For some years now the word among young people on the nation's campuses has been not to bother aspiring to a university professorship. In most disciplines, particularly the humanities, there simply were no jobs open, or too few to matter. Higher education had boomed in the 1950s and 1960s, and faculty members hired in those years rarely budged once they had tenure. But in the next decade many of those professors will be retiring; the nation's universities may face the same teacher shortages that confront public schools. Steps taken now can affect the quality of higher education for years to come.
Wisely looking ahead, the Ford Foundation has asked 39 of the nation's top colleges and universities to bid for $4.75 million in grants to help develop that teaching talent. Among the schools invited to bid are the University of California, Stanford, Harvard, Yale, Princeton and Oberlin.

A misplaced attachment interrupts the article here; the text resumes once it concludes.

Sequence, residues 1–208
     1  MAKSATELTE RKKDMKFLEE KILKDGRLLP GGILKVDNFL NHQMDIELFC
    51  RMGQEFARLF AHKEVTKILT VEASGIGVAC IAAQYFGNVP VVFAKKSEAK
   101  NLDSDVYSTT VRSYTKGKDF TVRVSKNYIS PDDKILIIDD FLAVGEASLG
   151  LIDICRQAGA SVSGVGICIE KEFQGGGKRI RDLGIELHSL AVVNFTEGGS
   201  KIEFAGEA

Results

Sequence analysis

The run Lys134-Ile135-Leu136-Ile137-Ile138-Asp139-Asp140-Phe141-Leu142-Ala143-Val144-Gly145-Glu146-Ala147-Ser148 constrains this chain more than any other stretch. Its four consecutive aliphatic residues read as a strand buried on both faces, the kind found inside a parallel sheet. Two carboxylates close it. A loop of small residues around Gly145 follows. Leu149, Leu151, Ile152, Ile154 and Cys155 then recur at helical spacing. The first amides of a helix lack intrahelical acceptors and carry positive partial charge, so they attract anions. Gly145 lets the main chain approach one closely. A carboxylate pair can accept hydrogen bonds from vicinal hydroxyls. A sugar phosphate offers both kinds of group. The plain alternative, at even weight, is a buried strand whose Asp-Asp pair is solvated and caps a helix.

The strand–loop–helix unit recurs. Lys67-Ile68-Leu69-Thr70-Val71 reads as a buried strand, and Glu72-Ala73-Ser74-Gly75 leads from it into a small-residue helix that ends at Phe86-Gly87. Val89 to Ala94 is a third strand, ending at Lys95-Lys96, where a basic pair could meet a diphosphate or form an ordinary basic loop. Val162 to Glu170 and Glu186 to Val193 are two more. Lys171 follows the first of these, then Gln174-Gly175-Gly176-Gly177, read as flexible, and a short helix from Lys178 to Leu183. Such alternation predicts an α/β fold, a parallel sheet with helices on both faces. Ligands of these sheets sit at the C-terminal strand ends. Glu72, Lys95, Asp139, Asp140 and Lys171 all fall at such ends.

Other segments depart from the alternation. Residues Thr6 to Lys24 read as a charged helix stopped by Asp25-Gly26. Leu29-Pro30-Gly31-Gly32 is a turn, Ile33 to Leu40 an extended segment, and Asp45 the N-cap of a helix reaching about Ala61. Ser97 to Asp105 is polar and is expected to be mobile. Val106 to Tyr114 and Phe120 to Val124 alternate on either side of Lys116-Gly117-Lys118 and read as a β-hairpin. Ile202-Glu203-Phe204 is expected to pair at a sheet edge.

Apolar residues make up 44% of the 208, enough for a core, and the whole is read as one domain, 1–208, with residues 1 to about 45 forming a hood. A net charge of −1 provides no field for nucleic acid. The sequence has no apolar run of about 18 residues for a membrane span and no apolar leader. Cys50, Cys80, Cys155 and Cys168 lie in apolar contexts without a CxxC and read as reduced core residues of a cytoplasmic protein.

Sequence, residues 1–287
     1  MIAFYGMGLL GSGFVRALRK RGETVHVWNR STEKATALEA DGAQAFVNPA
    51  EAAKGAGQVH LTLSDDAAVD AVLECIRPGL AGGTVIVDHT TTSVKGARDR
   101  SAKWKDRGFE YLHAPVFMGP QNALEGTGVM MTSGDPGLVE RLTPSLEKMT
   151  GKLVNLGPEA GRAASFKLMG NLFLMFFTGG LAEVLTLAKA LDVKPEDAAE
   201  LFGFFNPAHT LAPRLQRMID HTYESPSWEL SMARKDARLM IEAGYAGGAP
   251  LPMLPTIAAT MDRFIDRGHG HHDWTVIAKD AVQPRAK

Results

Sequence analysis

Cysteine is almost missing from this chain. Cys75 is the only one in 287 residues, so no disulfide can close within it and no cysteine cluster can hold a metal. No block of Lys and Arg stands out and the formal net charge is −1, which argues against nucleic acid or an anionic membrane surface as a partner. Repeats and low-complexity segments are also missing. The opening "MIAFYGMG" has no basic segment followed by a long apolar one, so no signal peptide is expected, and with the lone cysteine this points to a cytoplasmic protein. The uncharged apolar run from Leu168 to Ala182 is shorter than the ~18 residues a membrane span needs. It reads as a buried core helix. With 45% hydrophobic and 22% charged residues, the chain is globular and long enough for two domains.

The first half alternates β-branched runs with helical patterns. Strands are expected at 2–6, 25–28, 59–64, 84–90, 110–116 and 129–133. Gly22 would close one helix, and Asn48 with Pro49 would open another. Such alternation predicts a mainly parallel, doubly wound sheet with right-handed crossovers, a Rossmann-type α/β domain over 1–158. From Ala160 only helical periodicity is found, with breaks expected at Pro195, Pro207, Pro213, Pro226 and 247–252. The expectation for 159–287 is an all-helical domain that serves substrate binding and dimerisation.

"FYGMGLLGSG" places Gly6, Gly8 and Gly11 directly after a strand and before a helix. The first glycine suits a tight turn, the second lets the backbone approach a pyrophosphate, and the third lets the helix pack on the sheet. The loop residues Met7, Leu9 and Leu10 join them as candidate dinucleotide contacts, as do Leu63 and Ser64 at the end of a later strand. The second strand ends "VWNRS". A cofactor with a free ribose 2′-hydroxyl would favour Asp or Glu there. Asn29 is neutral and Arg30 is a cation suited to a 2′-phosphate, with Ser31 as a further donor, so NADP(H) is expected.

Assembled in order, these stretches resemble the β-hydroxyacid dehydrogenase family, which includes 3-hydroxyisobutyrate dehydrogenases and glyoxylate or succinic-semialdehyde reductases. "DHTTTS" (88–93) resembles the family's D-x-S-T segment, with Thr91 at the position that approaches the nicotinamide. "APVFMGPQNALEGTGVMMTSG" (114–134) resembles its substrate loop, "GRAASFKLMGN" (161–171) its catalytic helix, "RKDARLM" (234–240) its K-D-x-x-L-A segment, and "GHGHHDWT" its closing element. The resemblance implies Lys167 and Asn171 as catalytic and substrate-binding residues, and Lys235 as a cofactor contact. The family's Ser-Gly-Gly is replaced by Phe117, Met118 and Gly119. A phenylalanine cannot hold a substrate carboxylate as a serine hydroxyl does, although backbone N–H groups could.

"More undergraduates must choose faculty careers than have done so in recent years, and the quality of the graduate pool must rise," said Dr. Franklin A. Thomas, Ford Foundation president, in announcing the program. "At present, relatively few of our best students pursue the Ph.D. and become college teachers." By the year 2010, schools may need half a million new professors.